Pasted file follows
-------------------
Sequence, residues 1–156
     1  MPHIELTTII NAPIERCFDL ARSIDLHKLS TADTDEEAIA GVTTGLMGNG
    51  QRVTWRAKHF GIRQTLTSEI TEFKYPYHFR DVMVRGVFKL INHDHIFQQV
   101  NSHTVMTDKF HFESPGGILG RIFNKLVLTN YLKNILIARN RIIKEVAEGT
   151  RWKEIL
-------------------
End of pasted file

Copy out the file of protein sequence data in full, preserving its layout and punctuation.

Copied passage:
Sequence, residues 1–156
     1  MPHIELTTII NAPIERCFDL ARSIDLHKLS TADTDEEAIA GVTTGLMGNG
    51  QRVTWRAKHF GIRQTLTSEI TEFKYPYHFR DVMVRGVFKL INHDHIFQQV
   101  NSHTVMTDKF HFESPGGILG RIFNKLVLTN YLKNILIARN RIIKEVAEGT
   151  RWKEIL